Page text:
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BA History / Course details
Year of entry: 2022
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Course unit details:
Africa and Development: A Political History of the Social Sciences
|Unit level||Level 3|
|Teaching period(s)||Semester 2|
|Available as a free choice unit?||No|
Eurocentric notions of ‘development’ constitute the primary lens through which Africa is appraised. Yet, they make invisible the genealogies of these narratives, and how African thinkers have interpreted, and tried to change, the world. To rectify this state of affairs, the module offers an intellectual and political history of the social sciences’ engagement with Africa in the 20th century. The module provides a critical genealogy of the concepts, categories and methods through which ‘Africa’ has been constructed under colonial rule, but also illuminate the multiple ways in which African intellectuals and social scientists have used the language of the social sciences to interrogate their position in the world and conceptualise alternative forms of political belonging. By looking at case studies from the history of anthropology, demography, and economics, the module will also provide students with a wide range of historiographical tools to conceptualise the relationship between knowledge and power.
No prerequisites, but ‘Colonial Encounters’ or other modules dealing with African history are recommended.
- Become familiar with key themes and concepts in the history of anthropology, demography and economics in the 20th century;
- Gain knowledge of African colonial and postcolonial history through the lens of the contested concept of ‘development’;
- Study how different historiographical and sociological traditions have interrogated the political implications of different forms of knowledge production.
Knowledge and understanding
- Become familiar with theories of ‘development’ across different disciplines in the humanities and the social sciences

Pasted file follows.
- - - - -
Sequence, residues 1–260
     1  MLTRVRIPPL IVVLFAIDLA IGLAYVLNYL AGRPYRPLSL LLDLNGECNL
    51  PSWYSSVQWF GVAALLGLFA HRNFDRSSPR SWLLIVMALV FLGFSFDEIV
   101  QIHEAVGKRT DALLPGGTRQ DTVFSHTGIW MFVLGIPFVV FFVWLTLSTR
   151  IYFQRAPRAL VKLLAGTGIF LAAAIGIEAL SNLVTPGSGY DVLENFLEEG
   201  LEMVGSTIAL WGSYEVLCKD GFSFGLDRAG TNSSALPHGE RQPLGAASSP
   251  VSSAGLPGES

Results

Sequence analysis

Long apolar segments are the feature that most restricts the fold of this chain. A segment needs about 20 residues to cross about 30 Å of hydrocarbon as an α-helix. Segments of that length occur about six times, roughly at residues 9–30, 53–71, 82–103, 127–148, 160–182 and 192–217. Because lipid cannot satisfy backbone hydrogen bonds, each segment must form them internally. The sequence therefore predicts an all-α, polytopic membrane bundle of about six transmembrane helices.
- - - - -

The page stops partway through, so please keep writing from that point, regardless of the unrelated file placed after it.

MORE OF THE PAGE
- Reassess key concepts (such as ‘imperialism’ and ‘neo-colonialism) and intellectual traditions (such as Marxism) in light of their application to African realities
- Appraise and analyse the contribution of African authors to debates in the social sciences
- Problematise the relationship between social knowledge, state formation, and political belonging
- Ask questions on why and how ideas and discourses change over time
- Learn how to analyse critically a wide range of quantitative and qualitative sources
- Become familiar with key trends and concerns in the political, economic, and intellectual historiography of colonial and postcolonial Africa
- Become familiar with the different ways in which scholars have interrogated the political implications of the social sciences
- Essay writing
- Seminar participation and communication of complex ideas to a wider group
- Analysis of evidence (both primary and secondary source) to establish independent interpretation.
- Autonomous research
- Utilisation of online databases and internet resources appropriate to the module.
Transferable skills and personal qualities
- Present nuanced interpretations via advanced written and oral communication
- Accomplish independent research projects
- Work collaboratively as part of a team
- Critical thinking and analysis
- Students can expect to develop an important set of skills which will be highly valued in the workplace: 1) To convey complex ideas via written and verbal communication skills 2) The ability to collaborate in team-work settings. 3) Acting autonomously and taking leadership (through independent research, seminar preparation and contribution, assessment activities) 4) Critical thinking and analysis 5) Locating, organising and interpreting large quantities of evidence.
Source Analysis: 40%
Research Essay: 60%
|Feedback Methord||Formative or Summative|
|Verbal feedback on group disscusions/in-class tasks||Formative|
|Written feedback on coursework submissions via turnitin||Summative|
|Additional one-to-one feedback (during office hours or by making an appointment)||Formative|
Frederick Cooper and Randall Packard (eds., 1998) International Development and the Social Sciences: Essays on the History and Politics of Knowledge. Los Angeles: University of California Press.
Corrie Decker and Elizabeth McMahon (2021)The Idea of Development in Africa: A History. Athens (OH): Ohio University Press.
Adom Getachew (2019) Worldmaking after Empire: The Rise and Fall of Self-Determination. Princeton and Oxford: Princeton University Press.
Charles Mayer (2005). Naija Marxisms: Revolutionary Thought in Nigeria. Chicago: University of Chicago Press.
V.Y. Mudimbe (1988). The Invention of Africa: Gnosis, Philosophy and the Order of Knowledge. Bloomington: Indiana University Press.
Kwame Nkrumah. (1965) Neo-colonialism: The Last Stage of Imperialism. London: Thomas Nelson & Sons.
James C. Scott. (1998). Seeing Like a State: How Certain Schemes to Improve the Human Condition Have Failed. New Haven: Yale University Press.
Helen Tilley (2011). Africa as a Living Laboratory: Empire, Development and the Problem of Scientific Knowledge, 1870-1950. Chicago: University of Chicago Press.
|Scheduled activity hours|
|Independent study hours|
|Gerardo Serra||Unit coordinator|